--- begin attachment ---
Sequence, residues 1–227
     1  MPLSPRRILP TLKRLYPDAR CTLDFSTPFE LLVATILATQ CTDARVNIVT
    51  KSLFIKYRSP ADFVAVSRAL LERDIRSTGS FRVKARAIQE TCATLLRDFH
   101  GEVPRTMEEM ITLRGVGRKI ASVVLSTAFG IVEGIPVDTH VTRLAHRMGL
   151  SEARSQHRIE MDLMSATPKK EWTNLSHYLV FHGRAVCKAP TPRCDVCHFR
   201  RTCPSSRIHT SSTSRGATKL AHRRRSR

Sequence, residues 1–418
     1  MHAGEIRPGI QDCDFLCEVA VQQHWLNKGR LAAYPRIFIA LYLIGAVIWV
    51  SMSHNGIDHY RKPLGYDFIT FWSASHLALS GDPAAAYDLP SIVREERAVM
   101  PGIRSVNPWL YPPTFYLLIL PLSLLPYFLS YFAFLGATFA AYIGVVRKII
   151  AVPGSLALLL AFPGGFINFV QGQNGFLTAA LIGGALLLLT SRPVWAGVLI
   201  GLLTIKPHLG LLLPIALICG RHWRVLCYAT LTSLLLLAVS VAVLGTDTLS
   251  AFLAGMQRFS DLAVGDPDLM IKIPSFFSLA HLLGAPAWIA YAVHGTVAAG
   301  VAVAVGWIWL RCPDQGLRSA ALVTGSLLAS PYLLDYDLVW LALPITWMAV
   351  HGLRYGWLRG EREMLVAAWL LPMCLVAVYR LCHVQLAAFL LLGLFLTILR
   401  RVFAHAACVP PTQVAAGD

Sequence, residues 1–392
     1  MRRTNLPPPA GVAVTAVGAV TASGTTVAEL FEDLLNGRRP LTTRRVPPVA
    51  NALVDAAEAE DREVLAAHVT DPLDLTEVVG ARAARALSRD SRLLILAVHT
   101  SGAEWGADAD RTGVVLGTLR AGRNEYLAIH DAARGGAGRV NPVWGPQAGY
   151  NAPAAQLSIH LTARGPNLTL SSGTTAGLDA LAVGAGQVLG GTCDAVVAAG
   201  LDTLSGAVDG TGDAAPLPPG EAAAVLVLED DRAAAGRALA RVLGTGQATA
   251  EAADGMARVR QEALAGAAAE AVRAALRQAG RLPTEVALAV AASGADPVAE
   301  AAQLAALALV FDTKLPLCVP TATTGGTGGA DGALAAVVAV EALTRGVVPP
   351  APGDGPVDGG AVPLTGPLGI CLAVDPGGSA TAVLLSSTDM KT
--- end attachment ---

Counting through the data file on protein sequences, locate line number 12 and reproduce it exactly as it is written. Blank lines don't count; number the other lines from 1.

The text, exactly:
   201  GLLTIKPHLG LLLPIALICG RHWRVLCYAT LTSLLLLAVS VAVLGTDTLS